It would take me pages and pages to explain "the old way" of recording and distributing music. First, you didn't do it. It was a process reserved for musicians/bands that were signed to record labels, who would invest the thousands of dollars it took to go into a recording studio and create singles and albums. Then, the master recording was sent to a plant -- there weren't very many of them -- where albums were pressed and sent to stores. And to sell the music, people had to physically go to the store and buy the album.
Today, a skilled person can make a professionally recorded album in his/her bedroom on a pretty typical computer, and their song can be made available around the world via services like iTunes. My "tape" is the amount of space on my hard drive, and with the price of large drives continuing to dwindle, it's easy to do an entire album on a drive that costs maybe $100. The person buying the music can do so by clicking a mouse and entering a credit card number. While the process of opening the world of professional recording has its downsides (like a lot of people being able to release less-than-spectacular music), I can't help but be in favor of something that democratizes a process that used to be reserved for the wealthy elite.
Even some no-name guy like me can now record their best stuff and offer it for sale alongside the infinitely more famous people on iTunes. None of this would have happened without several levels of revolution in digital audio. By the way, you're welcome to go buy my album right now. You don't even have to keep reading. Seriously, go get it. I'll just wait here.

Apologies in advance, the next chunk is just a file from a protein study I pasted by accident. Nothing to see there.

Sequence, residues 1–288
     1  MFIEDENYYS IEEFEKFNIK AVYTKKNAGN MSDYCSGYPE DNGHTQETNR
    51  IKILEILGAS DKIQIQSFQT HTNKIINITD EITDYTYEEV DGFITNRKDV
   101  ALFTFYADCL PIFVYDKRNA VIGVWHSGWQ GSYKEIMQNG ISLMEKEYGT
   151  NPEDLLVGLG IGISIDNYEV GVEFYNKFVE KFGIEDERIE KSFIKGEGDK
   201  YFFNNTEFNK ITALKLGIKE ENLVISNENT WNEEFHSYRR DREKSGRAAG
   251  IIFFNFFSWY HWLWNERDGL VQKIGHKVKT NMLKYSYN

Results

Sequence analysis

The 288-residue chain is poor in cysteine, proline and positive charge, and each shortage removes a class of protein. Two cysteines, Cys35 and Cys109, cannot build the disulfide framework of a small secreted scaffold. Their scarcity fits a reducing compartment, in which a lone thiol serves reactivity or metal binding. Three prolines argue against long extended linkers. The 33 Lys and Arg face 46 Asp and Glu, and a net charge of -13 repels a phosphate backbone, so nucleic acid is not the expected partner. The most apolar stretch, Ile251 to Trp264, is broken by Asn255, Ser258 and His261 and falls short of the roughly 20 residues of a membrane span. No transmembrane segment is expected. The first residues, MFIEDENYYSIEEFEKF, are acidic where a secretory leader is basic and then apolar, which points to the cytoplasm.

6. Everyone Listens To Digital Playback Systems Anyway
I'll get yelled at for writing that, but it's really true. How do you listen to music? If you're like 95% of people in 2011, you listen to digital audio downloads like MP3 or AAC files you buy online, or you listen to CDs. Whether it's your iPod, your car stereo, or even the radio, almost every playback system you hear today is digital based. Even with those old records that were recorded in analog before the digital revolution, you are almost certainly listening to newer digital remasters by now.
One good piece of news for analog lovers: due to a couple of different factors, the use of turntables and vinyl LPs has actually had a resurgence over the past 7-8 years, and more artists -- especially indie musicians like myself -- are opting to do runs of record pressings of their new recordings. While I can't justify the cost of doing this for my own music (I don't sell enough albums to break even on it), the idea is constantly tempting. I find that I yearn for the day of hearing the needle plop down on some fresh vinyl and hearing my own recordings come out of the speakers. And I'm not alone; the recent Foo Fighters album Wasting Light was completely recorded on analog tape and is offered in an LP version. The reason for this was that Dave Grohl and his band were adamant that they wanted a rock album that sounded as good as music can be experienced, and I applaud their effort; it was worth it.
Want to hear what rock can sound like when recorded and played back in analog? If you don't have a perfect copy of Led Zeppelin's "Physical Graffiti", try the newest Foo Fighters album "Wasting Light" on a nice turntable.
So, Which One Is Better?
Both... and neither. There's no clear cut winner in this now-old argument, and the act of arguing about it is a massive wate of time. No one is going to be convinced, be it through scientific explanations or evangelizing the subjective sound of one over the other, that the opposite side is correct. The good news in all of this is that while digital audio isn't ever going away, it does continue to evolve and improve, and there may come a point in the not-distant future that audibly, one will be indistinguishable from the other. Until then, as I always say, the most important part of making good music is writing good songs... a much better use of someone's time than arguing about the technological side of things.